Presentation on theme: "Chapter 26 - Nematodes: Ascaridids. Family Ascarididae Ascaris lumbricoides A large intestinal roundworm of humans; females may attain lengths of 30 cm!"— Presentation transcript:
Family Ascarididae Ascaris lumbricoides A large intestinal roundworm of humans; females may attain lengths of 30 cm! In both sexes the mouth is surrounded by one dorsal and 2 ventrolateral lips The posterior end of the female is strait, while that of the males curves ventrally The female is prodigious in egg production, depositing about 200,000 eggs daily! Uterus may contain up to 27 million eggs at one time!!! The anterior end of Ascaris lumbricoides. Notice the three prominent "lips". Female and male Ascaris lumbricoides
Life Cycle Adult worms live in the lumen of the small intestine and get nourishment from semidigested food in the host Copulation occurs here and eggs are passed with the feces The outer, albuminous coat of the egg is brown in color due to bile pigment absorbed from the feces The zygote does not begin development until the egg has reached the soil Eggs are fairly resistant to desiccation and low temperatures With proper temperatures and oxygen levels the embryo molts at least once in the shell and develops to an infective larva Eggs can remain viable in the soil for 2 years
Life Cycle cont. After being ingested, infective eggs hatch in the duodenum Larvae actively burrow into the mucosal lining, enter the circulatory system, and are carried to the liver, through the right side of the heart, and on to the lungs by way of pulmonary arterial flow Larvae remain in the lungs several days, but eventually rupture from the pulmonary capillaries and enter the alveoli From here they move up the lungs and trachea to the epiglottis, are coughed up, swallowed, and passed into the small intestine After molting the worms grow to sexual maturity
Epidemiology Distribution of A. lumbricoides is worldwide, but it is prevalent in warmer climates It depends upon poor sanitation for its proliferation It is most prevalent in children; they are exposed to contaminated soil, do not wash before eating, put hands in mouth, etc.
Sympatamology Most cases of ascariasis are symptomless The most frequent symptom is upper abdominal discomfort Little damage results from larval penetration of the host’s mucosa However, aberrant larvae migrating in such organs as the spleen, liver, lymph nodes, and brain usually result in an inflammatory response Also, larvae escaping from capillaries in the lungs and entering the respiratory system cause small, hemorrhagic foci accompanied by coughing, fever, and difficulty in breathing Worms sometimes cause mechanical blockage of the intestinal tract Also, worms may penetrate the intestinal wall or appendix causing local hemorrhaging Overcrowding may also lead to wandering; worms can enter the appendix and cause blockage; worms have been known to migrate all he way to the anus Some worms migrate anteriorly and have been known to block pancreatic and bile ducts; others have gotten into the stomach and some even as far as the esophagus and tracheae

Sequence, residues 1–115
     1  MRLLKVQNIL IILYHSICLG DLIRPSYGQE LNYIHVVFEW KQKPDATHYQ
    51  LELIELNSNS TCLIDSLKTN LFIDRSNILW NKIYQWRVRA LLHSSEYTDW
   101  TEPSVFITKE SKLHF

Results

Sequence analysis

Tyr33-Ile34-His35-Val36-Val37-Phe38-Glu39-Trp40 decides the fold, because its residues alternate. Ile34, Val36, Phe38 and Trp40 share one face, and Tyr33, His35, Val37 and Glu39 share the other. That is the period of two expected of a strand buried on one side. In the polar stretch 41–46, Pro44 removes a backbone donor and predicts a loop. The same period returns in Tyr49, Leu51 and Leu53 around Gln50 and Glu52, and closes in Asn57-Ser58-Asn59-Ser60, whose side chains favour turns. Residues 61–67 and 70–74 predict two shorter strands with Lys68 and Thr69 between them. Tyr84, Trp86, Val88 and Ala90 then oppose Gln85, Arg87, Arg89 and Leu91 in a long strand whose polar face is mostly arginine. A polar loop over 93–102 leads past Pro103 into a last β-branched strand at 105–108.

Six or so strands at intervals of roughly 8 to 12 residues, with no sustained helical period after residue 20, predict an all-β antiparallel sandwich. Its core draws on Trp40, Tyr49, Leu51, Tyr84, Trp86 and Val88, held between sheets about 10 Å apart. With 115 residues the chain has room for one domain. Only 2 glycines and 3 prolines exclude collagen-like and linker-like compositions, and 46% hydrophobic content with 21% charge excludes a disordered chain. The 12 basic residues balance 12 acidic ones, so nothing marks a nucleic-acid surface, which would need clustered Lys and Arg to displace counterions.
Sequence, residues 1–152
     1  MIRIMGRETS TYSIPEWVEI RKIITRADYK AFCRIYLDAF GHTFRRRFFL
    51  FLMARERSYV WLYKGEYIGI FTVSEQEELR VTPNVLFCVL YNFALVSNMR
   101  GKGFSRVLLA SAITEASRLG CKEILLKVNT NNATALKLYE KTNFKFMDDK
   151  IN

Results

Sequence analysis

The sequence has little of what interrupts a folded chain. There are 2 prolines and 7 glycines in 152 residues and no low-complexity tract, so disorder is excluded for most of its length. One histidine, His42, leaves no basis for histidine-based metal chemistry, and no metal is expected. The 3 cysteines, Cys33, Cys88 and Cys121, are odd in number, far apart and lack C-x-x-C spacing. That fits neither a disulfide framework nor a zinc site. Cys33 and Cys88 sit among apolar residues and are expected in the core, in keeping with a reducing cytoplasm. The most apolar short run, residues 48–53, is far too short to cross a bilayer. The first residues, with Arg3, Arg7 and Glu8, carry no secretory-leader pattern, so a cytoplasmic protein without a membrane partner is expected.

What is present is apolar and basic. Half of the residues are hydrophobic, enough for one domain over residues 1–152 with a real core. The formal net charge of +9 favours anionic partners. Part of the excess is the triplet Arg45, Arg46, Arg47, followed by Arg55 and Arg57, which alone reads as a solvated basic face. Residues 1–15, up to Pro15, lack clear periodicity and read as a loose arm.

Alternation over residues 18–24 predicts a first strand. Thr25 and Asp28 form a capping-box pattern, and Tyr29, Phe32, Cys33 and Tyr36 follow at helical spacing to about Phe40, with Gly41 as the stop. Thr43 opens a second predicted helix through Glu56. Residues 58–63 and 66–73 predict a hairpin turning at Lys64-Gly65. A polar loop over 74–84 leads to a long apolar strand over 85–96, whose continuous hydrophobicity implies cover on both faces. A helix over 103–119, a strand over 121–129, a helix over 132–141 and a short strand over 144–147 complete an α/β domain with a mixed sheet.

Toxocara canis Found in the small intestine of dogs and other canines Causes visceral larval migrans among humans (an accidental host); most common among children It usually results from the ingestion of eggs and the subsequent migration of second stage larvae within the internal organs The second stage larvae hatching from the eggs penetrate the intestinal wall and quickly invade the liver Although a majority of these larvae remain in the liver, some pass on to the lungs and, sometimes, the CNS and eyes Although most of the larvae eventually gravitate to a single location and become encapsulated by host tissues, for a period of time they actively migrate through the tissues, leaving long trails of inflammatory reaction cells
Visceral Larval Migrans Case Study A previously healthy 37-year-old black man had fever, abdominal cramping, vomiting, and diarrhea. After 1 week of symptoms, a chest radiograph showed multiple noncavitating pulmonary nodules On further questioning, the patient stated that he had acquired a puppy 1 month before onset of the abdominal pain. The puppy was being house- trained, and the patient had had no previous household exposure to dogs. Subsequently, tests for serum antibodies against T canis IgG and IgM were obtained and were positive at 11.5 and 9.3 standard deviations above the mean of a reference group of normal subjects. The Toxocara IgM titer indicated acute infection with T canis. A chest radiograph showing multiple noncavitating pulmonary nodules
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